Bookmate
Bookmateadded a book to the bookshelfA Fork in the Road3 years ago
When Julia Child arrived in Paris in 1948, she spoke barely a few words of French, and didn’t know the first thing about cooking. "What’s a shallot?" she asked her husband Paul, as they waited for their sole menu.

And so it goes, that "My Life in France" captures post-war Paris with wonderful vividness and charm. But also locks her in as one of the best chefs who inspired aplenty.
Bookmate
Bookmateadded a book to the bookshelfA Fork in the Road3 years ago
The only thing Anthony Bourdain loves as much as cooking is traveling, and A Cook's Tour is the shotgun marriage of his two greatest passions.

From Japan to try the poisonous puffer fish, and through the mine-riddled autonomous Khmer Rouge territory and to Phnom Penh's Gun Club, where local fare is served up alongside a menu of available firearms, Bourdain tantalises the taste buds with exceptional local fare, and stirs up a wanderlust that will make you want to pack your bags.
Bookmate
Bookmateadded a book to the bookshelfA Fork in the Road3 years ago
In the Miso Soup is no feel good travelogue about Japan. Instead it's a slow burning, crime-thriller that opens your eyes to the underbelly of Tokyo. There are no epiphanies, no reflections about the lonely city - just a tour guide who thinks that his customer is the recent serial murderer plaguing the streets. For those who have never been to Tokyo before, this is truly one of the most vivid and spot-on descriptions about the brightly-lit city. And for those who have, well, then it'll take you right into the heart of action. Now all you have to do is imagine the smell and the sounds and you're back there.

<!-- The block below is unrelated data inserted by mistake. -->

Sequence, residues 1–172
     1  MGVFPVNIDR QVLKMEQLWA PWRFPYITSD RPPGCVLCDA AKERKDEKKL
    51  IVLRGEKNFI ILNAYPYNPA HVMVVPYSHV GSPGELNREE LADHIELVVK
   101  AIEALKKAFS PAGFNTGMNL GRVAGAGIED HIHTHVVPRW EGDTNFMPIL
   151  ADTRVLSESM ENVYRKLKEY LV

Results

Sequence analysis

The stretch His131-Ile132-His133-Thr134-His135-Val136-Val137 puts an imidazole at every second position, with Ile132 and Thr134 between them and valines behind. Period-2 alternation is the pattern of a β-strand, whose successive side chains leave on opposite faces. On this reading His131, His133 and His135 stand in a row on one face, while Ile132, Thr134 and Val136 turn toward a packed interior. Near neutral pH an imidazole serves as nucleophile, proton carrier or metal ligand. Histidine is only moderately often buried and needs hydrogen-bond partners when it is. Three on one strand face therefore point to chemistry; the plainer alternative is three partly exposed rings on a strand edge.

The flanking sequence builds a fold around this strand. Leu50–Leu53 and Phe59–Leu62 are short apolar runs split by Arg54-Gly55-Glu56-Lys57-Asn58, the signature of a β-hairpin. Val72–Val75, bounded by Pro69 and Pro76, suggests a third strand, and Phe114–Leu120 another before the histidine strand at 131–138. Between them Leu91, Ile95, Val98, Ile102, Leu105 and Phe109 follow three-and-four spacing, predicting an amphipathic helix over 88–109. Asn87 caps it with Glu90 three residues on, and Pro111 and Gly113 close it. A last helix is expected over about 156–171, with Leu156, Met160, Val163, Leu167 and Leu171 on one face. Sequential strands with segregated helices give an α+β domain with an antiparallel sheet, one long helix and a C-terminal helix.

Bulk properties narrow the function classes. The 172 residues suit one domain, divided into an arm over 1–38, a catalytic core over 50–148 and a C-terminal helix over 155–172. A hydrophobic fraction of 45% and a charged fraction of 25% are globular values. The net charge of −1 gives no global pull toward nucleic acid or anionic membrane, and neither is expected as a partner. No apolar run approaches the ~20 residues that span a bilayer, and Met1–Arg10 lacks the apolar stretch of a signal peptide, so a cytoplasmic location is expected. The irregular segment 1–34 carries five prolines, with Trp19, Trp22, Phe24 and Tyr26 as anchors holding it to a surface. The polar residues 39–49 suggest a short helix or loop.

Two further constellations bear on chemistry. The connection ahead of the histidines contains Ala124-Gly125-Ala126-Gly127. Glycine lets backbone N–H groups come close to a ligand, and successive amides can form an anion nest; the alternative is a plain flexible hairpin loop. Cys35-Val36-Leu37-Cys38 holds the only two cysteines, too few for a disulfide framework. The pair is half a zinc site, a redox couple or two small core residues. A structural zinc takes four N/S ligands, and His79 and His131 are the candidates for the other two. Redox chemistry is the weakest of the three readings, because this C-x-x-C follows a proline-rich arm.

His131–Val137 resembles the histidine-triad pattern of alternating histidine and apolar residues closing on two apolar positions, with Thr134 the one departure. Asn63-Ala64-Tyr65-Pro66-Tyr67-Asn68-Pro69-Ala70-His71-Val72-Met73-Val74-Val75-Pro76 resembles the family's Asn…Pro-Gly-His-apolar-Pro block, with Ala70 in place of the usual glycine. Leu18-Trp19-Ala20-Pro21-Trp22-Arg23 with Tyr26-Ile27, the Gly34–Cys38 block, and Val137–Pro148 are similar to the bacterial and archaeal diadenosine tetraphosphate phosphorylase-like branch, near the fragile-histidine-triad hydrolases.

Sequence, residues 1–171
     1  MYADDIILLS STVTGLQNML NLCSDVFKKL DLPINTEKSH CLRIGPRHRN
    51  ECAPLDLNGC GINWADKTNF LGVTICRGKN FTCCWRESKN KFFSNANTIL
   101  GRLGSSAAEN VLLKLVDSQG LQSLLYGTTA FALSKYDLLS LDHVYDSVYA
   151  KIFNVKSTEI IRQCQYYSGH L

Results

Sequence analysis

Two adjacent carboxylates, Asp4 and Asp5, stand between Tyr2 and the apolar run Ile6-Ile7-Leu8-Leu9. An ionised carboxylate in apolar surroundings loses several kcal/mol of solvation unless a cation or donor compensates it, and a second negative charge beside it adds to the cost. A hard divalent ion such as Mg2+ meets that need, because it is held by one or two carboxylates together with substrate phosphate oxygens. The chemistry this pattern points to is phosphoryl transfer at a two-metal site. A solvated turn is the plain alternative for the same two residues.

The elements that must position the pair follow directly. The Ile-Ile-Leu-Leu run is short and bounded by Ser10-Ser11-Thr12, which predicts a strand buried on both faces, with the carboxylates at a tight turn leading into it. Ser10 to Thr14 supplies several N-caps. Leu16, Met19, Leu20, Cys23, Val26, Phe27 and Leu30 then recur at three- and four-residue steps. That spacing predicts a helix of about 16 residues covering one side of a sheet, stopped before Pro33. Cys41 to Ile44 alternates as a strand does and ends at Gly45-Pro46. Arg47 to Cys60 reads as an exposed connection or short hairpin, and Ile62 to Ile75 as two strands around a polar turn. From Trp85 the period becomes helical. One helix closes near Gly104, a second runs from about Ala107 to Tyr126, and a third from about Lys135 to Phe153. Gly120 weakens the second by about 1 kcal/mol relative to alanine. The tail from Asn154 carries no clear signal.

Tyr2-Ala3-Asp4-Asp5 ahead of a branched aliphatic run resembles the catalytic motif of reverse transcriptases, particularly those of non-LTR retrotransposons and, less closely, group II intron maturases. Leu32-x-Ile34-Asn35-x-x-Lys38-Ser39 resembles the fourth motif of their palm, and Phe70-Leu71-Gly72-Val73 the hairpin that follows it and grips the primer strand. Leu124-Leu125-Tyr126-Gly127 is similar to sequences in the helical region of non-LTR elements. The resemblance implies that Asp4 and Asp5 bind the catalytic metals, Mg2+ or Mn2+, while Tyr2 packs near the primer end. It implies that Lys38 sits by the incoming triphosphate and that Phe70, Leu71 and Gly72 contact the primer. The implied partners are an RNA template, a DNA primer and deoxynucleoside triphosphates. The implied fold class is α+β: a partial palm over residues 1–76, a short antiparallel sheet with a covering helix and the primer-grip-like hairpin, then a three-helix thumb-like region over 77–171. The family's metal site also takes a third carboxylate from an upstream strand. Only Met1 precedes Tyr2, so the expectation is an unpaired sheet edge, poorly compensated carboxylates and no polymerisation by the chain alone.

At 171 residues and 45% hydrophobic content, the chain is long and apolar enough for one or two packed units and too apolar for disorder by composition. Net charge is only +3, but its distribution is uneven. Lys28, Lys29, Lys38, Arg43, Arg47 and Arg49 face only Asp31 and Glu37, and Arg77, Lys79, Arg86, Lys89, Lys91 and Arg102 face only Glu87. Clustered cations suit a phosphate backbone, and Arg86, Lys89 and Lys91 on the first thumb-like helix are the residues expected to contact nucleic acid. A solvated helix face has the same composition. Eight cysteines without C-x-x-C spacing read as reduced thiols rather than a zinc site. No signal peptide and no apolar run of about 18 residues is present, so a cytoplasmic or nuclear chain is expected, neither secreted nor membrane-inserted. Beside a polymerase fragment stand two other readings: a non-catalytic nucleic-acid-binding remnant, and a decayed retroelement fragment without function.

Bookmate
Bookmateadded a book to the bookshelfA Fork in the Road3 years ago
Vendela Vida vividly captures the disorientation and freedom of travel by whizzing around places and never stopping. Set in Morocco, The Diver's Clothes Lie Empty by Vendela Vida already starts with a nameless protagonist arriving in bustling Casablanca, with her passport stolen as she’s checking into her hotel. Through her, you experience frantic taxi rides through the chaotic streets and absurd interactions with the city’s police chief. It's true when they say you can close your eyes and recreate a scene - but with Vida's novel, the other side of the world jumps through her words.
Bookmate
Bookmateadded a book to the bookshelfA Fork in the Road3 years ago
The Improbability of Love is one of those love novels whose ending is predictable - you know what's going to happen. But what makes this book such a beautiful read is its indulgent, vivid descriptions of the art world.

As the chair of the London National Gallery's Board of Trustees and part of the illustrious banking family, Hannah Rothschild's English art world romp, The Improbability of Love is as "insider" as you can get. Even if you got to the London National Gallery itself, you won't even get to see all the behind-the-scenes or the everyday workings. And that's what makes this novel a must-read for every art fanatic, every London-phile and every wanderluster.
Bookmate
Bookmateadded a book to the bookshelfA Fork in the Road3 years ago
What happens when you fall in love with a French man? Why, you move to his city and fall in love with the food as well. Elizabeth Bard's Lunch in Paris is a memoir about her time in the city of love, but it's also part-cookbook and travel guide as she waxes lyrical about blood sausage, pains aux chocolats and irregular verbs.
Bookmate
Bookmateadded a book to the bookshelfA Fork in the Road3 years ago
To summarise, this is one seafood's lover round-the-world quest for the best of the best seafood. But one that's ethically sourced and sustainable. Grescoe travels to the end of the seafood supply chain and back, and hauls lobsters from Nova Scotia, grills three-star Michelin chefs in Manhattan, and samples poisonous pufferfish in Japan. But it's not all travel and fun an food for Grescoe. From his adventures lie the huge problems of how out-of-control pollution, over-fishing and global warming are affecting the fish in the ocean.

Through this book, Grescoe brings you all over the world yes, but he also teaches you which fish are the best for your body, how to pick the best of the best, and how to go for the underrated picks of the sea.
fb2epub
Drag & drop your files (not more than 5 at once)